Teacher Perception of the Acceptability and Utility of a School-Wide Positive Behavioural Approach to Discipline
Studies have shown that school culture and climate have an immense influence on students' academic achievement (Coyle & Witcher, 1992; Rutter, 1983). Review of current research literature reveals an abundance of programs designed to improve the behavioural functioning of students. A concomitant proliferation of studies delves into the effectiveness of these programs. Many studies base determination of efficacy upon achieving a criterion of reduced office discipline referrals per month. An underlying assumption is that, as the climate of the school improves, challenging behaviour is reduced. A complementary means of evaluating efficacy is via examination of the social validity of a program. Social validity is defined as the social significance of the goals of interventions, the social acceptability of the components of interventions used to attain those goals, and the social importance of the effects of an intervention (Wolf, 1978). Adherence to policies and techniques are more likely to be adequately achieved by individuals who believe in a program's goals and effects, as well as its techniques or processes. Initiatives adopted to address childhood behaviour must be deemed useful and acceptable by those implementing it; otherwise implementation may lack integrity and risk failure. This could not only undermine the use of a promising and potentially beneficial initiative, but also risks burn-out and cynicism in response to future attempts to improve school climates. Given the importance of school climate, and disciplinary approaches as part of this climate, the purpose of this study was to examine teachers' perceptions of the effectiveness and usefulness of a district-wide, school-based initiative - Positive and Effective Behaviour Supports (PEBS) - in one school board in Nova Scotia. Currently in Nova Scotia, evaluation of this program is focussed upon evaluation of discipline referrals. It was the aim of the current research to provide complementary analysis to inform the School Board's implementation of the PEBS initiative. Results demonstrated that elementary teachers were more likely than middle/junior high teachers to perceive PEBS as useful for managing behaviour and effective in communicating school wide expectations to children. Elementary teachers also tended to report improved management style and climate change to a greater extent than did middle/junior high teachers. Results were discussed in relation to training and implementation improvements.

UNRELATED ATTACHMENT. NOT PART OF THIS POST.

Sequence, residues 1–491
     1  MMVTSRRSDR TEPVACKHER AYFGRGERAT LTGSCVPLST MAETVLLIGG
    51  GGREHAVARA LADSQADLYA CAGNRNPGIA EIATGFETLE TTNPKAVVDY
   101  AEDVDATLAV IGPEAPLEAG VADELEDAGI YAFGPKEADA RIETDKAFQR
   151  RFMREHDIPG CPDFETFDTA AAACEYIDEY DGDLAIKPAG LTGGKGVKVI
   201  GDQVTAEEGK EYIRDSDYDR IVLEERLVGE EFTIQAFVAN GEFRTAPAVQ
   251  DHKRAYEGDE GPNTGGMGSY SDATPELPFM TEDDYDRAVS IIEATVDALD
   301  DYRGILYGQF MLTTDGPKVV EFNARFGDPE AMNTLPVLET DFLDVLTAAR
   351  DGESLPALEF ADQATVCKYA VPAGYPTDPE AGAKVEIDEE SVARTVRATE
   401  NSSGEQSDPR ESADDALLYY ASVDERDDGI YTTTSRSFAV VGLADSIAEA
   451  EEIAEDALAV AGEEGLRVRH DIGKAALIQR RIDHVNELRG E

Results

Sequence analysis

Behavior modification , School discipline -- Nova Scotia , Positive Effective Behaviour Supports